Sophie was baptized into the Orthodoxy on the 28th of June, 1744, and had to cast off her old name in favor of one that suited her new identity. Naturally, she chose “Sophia”—the Russified version of her own name. But memories of her Aunt Sophia led the empress to choose the name of her own mother: Catherine. Elizabeth discarded the name of Sophie’s father and gave the princess the Slavic patronymic Alexeyevna.

The baptism was followed by an elaborate betrothal ceremony and her elevation as “Grand Duchess of Russia.” The empress showered Catherine with lavish gifts. For the first time in her life, she also received her own allowance. Her mother, on the other hand, was on her own downward spiral. Idle and jealous of her daughter’s success, she embarked on a risky affair with the handsome and younger Count Betsky. Her indiscretion embarrassed Catherine and scandalized the Empress and her court.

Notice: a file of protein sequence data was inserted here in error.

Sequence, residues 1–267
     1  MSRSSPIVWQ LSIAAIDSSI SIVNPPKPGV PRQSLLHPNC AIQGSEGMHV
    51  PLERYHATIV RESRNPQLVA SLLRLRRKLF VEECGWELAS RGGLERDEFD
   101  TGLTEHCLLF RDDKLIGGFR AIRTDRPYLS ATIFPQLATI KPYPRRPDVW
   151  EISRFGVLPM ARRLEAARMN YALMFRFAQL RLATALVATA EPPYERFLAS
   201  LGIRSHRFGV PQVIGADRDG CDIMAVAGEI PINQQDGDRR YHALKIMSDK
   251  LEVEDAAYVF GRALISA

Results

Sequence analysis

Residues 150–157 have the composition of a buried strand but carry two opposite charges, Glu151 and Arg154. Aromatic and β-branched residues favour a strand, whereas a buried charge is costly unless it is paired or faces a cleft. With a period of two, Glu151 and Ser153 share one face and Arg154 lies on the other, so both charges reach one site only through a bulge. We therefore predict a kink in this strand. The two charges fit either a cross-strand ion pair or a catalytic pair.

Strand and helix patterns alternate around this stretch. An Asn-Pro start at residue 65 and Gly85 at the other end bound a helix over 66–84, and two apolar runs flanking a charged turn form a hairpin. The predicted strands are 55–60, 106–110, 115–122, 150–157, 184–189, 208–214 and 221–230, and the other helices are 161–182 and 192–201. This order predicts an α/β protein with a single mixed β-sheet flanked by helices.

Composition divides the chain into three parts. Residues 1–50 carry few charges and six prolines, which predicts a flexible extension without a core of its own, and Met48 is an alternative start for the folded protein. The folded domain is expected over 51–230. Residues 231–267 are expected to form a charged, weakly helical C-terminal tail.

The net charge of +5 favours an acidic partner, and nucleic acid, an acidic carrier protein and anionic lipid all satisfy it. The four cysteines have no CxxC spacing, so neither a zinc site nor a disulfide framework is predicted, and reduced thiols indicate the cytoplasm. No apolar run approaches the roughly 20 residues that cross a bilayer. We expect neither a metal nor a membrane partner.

Grand Duke Peter’s his relationship with his equally snappish future mother-in-law did not improve. He then came down with measles and recovered, but it was not long before he contracted the deadlier smallpox. The Empress rushed to his side and cared for him while he was in quarantine. Catherine and her mother, meanwhile, stayed in Moscow so they would not contract the disease.

Mother and daughter worried about his health as their fates depended on Peter’s recovery or death. The Grand Duke survived his illness, but he had grown thinner and his face bore the marks of illness. He had not been handsome, but the scars so disfigured his face that Catherine fled and fainted.  

Despite Catherine’s misgivings and Peter’s altered appearance, the couple was married on August 21, 1745, in the Kazan Cathedral. The wedding was grand, but the honeymoon was dismal. Peter spent more time drinking with his valets than with her and soon fell beside her on the bed in a drunken stupor. His indifference in the days after their wedding took its toll on her self-esteem. The isolation she felt became complete when her disgraced mother finally returned to Prussia. She was well and truly alone in Elizabeth’s court.